An offbeat Iranian entry set entirely in the courtyard of a senior high school where hundreds of girls wait to take their final exam, Nasser Refaie's feature debut "Exam" reads rather like a man's impression of what women want, think and talk about.
An offbeat Iranian entry set entirely in the courtyard of a senior high school where hundreds of girls wait to take their final exam, Nasser Refaie’s feature debut “Exam” reads rather like a man’s impression of what women want, think and talk about. Though film’s sociological concept may be dodgy, the writer-director is at least firmly in favor of higher education for girls. As the camera nosily weaves through a sea of black veils and hejabs, eavesdropping on the young women’s (scripted) conversations, it seems to drop the viewer into the heart of Iranian society and the problems of its female population. After winning the Special Jury Prize at the last Fajr festival, pic’s offshore bow in the Venice Critics’ Week could open doors to other outings in places where small Iranian films have achieved a handhold.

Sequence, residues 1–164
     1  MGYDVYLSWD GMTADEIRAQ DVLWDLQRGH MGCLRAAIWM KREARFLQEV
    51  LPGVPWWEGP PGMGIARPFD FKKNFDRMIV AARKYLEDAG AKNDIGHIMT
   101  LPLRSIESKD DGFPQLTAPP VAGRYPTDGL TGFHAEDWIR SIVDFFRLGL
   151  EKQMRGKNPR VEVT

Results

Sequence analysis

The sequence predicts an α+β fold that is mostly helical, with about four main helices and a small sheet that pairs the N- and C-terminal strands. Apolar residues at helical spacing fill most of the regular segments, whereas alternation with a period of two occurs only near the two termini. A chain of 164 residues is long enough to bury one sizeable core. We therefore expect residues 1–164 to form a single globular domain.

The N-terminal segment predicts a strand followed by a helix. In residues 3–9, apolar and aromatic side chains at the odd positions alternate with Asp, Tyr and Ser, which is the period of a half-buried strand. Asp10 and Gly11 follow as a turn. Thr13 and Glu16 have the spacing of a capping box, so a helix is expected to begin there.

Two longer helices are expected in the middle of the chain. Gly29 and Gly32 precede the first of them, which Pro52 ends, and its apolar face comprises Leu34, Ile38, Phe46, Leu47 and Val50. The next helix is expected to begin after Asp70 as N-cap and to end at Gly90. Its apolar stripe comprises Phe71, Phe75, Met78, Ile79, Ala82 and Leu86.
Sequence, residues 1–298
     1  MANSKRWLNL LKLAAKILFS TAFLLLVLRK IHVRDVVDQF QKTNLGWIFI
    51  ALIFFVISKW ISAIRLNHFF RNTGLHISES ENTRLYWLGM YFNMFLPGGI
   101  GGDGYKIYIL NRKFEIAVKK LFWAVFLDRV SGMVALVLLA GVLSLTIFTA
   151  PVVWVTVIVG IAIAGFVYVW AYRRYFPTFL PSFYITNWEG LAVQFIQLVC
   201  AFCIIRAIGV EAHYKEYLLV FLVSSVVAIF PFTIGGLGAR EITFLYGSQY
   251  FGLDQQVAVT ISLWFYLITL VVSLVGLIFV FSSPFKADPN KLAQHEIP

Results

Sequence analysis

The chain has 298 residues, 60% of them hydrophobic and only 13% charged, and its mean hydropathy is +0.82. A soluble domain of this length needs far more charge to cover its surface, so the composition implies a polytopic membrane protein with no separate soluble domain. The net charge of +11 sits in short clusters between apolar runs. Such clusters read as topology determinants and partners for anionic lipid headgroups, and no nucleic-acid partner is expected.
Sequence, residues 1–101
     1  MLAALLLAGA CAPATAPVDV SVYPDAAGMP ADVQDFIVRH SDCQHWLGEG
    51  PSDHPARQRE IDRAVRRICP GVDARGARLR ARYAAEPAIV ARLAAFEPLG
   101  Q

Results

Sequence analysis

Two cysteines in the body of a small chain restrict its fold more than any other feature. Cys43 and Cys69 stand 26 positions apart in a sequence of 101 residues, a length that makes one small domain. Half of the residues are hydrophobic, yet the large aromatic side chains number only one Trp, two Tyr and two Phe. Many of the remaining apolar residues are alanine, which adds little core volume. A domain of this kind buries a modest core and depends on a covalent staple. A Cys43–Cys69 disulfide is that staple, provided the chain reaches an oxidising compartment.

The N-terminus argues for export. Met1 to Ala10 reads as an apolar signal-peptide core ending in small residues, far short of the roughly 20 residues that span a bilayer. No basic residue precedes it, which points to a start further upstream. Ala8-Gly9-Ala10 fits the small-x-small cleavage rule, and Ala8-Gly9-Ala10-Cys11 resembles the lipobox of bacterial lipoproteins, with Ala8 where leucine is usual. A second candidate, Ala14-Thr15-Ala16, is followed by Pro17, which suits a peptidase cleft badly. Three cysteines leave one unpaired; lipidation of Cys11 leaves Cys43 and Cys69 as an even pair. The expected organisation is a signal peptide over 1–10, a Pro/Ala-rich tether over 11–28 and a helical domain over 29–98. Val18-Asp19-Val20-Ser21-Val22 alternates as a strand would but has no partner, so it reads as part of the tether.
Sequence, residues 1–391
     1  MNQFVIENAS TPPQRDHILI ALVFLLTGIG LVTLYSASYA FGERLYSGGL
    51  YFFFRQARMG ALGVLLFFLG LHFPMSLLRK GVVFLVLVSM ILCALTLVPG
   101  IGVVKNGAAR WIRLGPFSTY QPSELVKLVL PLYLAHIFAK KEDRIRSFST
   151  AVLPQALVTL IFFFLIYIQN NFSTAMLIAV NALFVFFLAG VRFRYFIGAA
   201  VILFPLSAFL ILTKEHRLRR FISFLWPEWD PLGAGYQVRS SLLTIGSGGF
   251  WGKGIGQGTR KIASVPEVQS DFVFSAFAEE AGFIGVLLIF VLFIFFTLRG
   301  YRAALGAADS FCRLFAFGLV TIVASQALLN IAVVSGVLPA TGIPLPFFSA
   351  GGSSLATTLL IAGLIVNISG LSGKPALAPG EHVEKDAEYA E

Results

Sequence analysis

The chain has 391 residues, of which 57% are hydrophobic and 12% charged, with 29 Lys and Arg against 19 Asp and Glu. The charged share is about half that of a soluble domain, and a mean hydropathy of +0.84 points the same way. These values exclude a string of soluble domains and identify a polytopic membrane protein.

The girls begin trooping up to the gate at dawn for a test that is to start at 8 a.m., but seems never to begin. Alone or accompanied by family members, on foot, by car or scooter, they slowly gather and begin to chatter like schoolgirls everywhere.
Cliques ogle a carload of cool boys (chased away by an excited father) or torment a misfit girl they want to exclude. A bold trio flirts with a shy young soldier sent to keep order; another group flirts with a puffed-up husband who has pompously accompanied his wife.
Sheltered by a cooing group of girls, a woman breast-feeds her baby and changes a diaper. A girl’s mother picks out the prettiest schoolgirl for her son to marry, while another girl worries that she has to pass or “Dad will make me marry the first man he sees.”
Nearby, an angry husband tries to prevent his wife from taking the exam, causing bystanders to wonder whether “a woman more educated than her husband can be controlled.” Ridgemont High it’s not, but for Western auds these scenes, familiar and exotic at the same time, will have a certain entertainment value in their weirdness.
Farzad Johat’s camera is an invisible eye throughout the film, while Refaie directs his large non-pro cast of girls to bring out the individual differences behind their enveloping uniforms.